How can you be more prepared? What do you need to know before you start? What is at stake? What inspires your creativity? What place allows you to be creative and productive?

Everyone has their own creative process, and the key is to find the one that works for you.

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When I began writing The Disillusioned, the first novel in the Guardian series, there was a clear message that inspired me to believe it was worth the time and effort. I wanted to capture the reality of human trafficking, but also pull back the curtain on professional religion, all within a suspense-filled action adventure mystery. I felt that both worlds were equally as troubling. To bring it to life, I needed to create characters that established a vivid contrast between two worlds and challenged readers to choose which was worth fighting to protect and save.

Tweet: Purpose is driven by your characters.

While I’ve had many opportunities to share about the fight against human trafficking, I’ve also allowed other pieces of the story to remain within its pages for readers to discover for themselves. What I’ve discovered is that when I’m writing with a purpose, I don’t need to stand on a street corner with a bullhorn. I’m grateful that the message within its pages has reached readers around the world.

Tweet: Purpose allows your story to speak for itself.

After my experience writing The Disillusioned, I felt the pressure to find more ways to turn my purpose into profit. I began to think about stories that would reach a larger audience. I thought about stories that would fit a certain genre. I thought about marketing hooks that might work with a specific story. And then I realized that the more I thought about monetizing my purpose, the further I was from writing a story that resonated after the last page.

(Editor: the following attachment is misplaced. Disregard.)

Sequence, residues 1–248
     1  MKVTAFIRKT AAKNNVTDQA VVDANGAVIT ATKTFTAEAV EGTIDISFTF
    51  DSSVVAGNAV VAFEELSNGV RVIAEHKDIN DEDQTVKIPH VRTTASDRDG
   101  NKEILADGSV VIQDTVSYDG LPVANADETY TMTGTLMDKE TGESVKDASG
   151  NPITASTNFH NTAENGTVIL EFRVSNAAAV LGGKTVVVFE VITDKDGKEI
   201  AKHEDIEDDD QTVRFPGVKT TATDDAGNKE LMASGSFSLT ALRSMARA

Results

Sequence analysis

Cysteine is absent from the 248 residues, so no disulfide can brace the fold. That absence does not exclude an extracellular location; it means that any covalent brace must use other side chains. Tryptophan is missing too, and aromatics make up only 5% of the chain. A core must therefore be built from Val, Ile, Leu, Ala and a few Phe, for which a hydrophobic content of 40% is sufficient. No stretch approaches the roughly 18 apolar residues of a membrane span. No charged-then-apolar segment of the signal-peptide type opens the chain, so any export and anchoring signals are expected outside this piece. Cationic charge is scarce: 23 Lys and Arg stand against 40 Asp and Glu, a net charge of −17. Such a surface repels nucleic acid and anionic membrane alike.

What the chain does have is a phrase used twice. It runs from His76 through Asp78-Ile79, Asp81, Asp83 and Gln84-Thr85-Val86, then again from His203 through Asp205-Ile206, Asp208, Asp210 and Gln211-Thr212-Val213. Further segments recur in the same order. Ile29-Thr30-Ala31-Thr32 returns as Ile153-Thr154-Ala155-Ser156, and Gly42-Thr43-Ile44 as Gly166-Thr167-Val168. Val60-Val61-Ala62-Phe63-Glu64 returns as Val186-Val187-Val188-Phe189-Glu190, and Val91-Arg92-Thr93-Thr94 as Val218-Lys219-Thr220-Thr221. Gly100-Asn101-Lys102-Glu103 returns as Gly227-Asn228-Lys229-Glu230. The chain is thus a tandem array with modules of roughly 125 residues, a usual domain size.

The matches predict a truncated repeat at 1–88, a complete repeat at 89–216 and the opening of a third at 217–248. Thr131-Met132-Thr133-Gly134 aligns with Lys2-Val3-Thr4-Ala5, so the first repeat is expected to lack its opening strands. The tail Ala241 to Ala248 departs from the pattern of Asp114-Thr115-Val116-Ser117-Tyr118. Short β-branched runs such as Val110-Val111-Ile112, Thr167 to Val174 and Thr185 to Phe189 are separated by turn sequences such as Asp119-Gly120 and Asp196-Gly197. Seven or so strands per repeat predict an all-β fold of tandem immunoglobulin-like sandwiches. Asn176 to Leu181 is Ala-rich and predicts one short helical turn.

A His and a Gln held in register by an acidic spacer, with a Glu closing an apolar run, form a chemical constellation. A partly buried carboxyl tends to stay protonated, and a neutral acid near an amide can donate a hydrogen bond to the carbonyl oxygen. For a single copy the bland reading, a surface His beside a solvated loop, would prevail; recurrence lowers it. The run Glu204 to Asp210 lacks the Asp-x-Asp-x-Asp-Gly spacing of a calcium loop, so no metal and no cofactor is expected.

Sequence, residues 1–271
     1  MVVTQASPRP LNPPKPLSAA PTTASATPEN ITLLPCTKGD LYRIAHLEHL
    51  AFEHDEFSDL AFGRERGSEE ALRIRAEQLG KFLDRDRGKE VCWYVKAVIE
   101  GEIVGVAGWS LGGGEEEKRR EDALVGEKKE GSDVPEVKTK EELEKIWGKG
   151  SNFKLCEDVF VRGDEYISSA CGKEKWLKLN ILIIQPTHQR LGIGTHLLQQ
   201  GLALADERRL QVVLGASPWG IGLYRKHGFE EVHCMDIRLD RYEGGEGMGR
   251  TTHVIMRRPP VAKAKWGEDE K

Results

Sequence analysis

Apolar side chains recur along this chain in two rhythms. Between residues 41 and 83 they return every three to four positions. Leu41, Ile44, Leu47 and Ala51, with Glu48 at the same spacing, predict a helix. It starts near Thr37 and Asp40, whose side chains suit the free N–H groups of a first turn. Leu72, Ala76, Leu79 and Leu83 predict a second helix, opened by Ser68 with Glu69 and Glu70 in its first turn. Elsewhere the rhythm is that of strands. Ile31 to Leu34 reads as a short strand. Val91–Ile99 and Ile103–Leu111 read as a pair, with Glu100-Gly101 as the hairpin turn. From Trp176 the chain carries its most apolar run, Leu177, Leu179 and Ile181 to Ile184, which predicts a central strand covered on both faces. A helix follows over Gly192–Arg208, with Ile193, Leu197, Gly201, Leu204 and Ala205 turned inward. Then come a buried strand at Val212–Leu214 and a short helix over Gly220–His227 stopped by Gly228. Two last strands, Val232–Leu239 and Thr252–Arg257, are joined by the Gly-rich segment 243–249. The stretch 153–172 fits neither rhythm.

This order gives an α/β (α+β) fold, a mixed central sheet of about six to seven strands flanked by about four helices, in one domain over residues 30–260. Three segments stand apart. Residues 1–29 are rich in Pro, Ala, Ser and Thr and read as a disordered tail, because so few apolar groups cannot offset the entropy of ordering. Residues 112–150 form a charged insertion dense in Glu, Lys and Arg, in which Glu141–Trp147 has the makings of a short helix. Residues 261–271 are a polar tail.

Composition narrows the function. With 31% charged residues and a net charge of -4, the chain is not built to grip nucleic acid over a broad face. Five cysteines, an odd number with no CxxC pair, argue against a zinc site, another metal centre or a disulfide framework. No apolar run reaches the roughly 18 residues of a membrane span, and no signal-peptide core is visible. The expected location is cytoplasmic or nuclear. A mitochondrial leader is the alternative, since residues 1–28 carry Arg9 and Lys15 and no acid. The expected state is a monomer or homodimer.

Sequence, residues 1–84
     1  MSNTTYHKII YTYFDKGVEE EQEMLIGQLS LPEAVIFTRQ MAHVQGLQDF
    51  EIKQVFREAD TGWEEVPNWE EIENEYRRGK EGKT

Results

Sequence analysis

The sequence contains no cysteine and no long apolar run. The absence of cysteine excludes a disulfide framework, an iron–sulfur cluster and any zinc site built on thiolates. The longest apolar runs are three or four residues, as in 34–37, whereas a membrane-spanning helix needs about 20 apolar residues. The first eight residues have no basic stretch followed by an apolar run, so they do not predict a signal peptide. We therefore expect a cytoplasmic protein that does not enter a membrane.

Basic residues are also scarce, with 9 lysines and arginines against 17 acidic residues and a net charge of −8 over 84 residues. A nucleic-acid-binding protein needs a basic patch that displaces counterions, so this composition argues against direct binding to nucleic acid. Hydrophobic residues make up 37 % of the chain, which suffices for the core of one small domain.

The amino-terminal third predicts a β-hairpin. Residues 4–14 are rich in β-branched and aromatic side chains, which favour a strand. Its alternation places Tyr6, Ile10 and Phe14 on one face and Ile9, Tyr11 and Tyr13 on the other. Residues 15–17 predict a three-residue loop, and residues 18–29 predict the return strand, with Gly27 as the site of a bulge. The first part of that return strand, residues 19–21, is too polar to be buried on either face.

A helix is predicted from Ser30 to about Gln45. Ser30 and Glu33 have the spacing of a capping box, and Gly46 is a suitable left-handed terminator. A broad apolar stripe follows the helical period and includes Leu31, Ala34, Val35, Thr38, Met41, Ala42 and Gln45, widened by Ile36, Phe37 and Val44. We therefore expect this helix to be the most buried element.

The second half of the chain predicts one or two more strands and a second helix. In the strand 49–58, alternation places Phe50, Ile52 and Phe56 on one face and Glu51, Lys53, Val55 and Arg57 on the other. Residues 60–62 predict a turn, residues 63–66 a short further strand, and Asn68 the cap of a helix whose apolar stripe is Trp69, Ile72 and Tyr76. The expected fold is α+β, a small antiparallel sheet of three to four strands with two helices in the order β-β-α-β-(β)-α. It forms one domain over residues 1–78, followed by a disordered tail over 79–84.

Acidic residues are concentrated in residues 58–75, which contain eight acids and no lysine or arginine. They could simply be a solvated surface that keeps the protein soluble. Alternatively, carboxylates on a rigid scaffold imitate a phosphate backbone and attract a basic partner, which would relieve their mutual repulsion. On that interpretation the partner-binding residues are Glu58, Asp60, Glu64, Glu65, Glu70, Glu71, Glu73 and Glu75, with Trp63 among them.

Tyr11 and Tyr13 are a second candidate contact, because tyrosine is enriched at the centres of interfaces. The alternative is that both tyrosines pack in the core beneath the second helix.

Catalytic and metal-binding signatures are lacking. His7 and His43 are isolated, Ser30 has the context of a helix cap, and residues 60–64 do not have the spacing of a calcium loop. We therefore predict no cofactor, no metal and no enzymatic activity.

Tweet: Purpose is more valuable than profit.

Turning your writing hobby into a career means knowing how to make your dream profitable. But if you focus too much on profit, you’ll find that it will mess with your creativity. You begin thinking about what stories are more popular, instead of thinking about originality. I faced this when I thought about writing my next novel. I thought about writing a detective, dystopian, or fantasy story. But the more I weighed my options the more I realized the story that began with The Disillusioned wasn’t finished yet. That was when I made a choice to pursue originality over popularity and go deeper into a world I had already created. Keeping the purpose of my writing at the forefront allowed me to dive back in and finish Waking Lazarus.

Tweet: Purpose pursues originality over popularity.

Knowing why I write has determined what I write. With the release of Waking Lazarus still a few months away, I’ve already begun writing the next novel in the Guardian Series because my purpose is clear.

Let me ask you, what purpose drives you to write?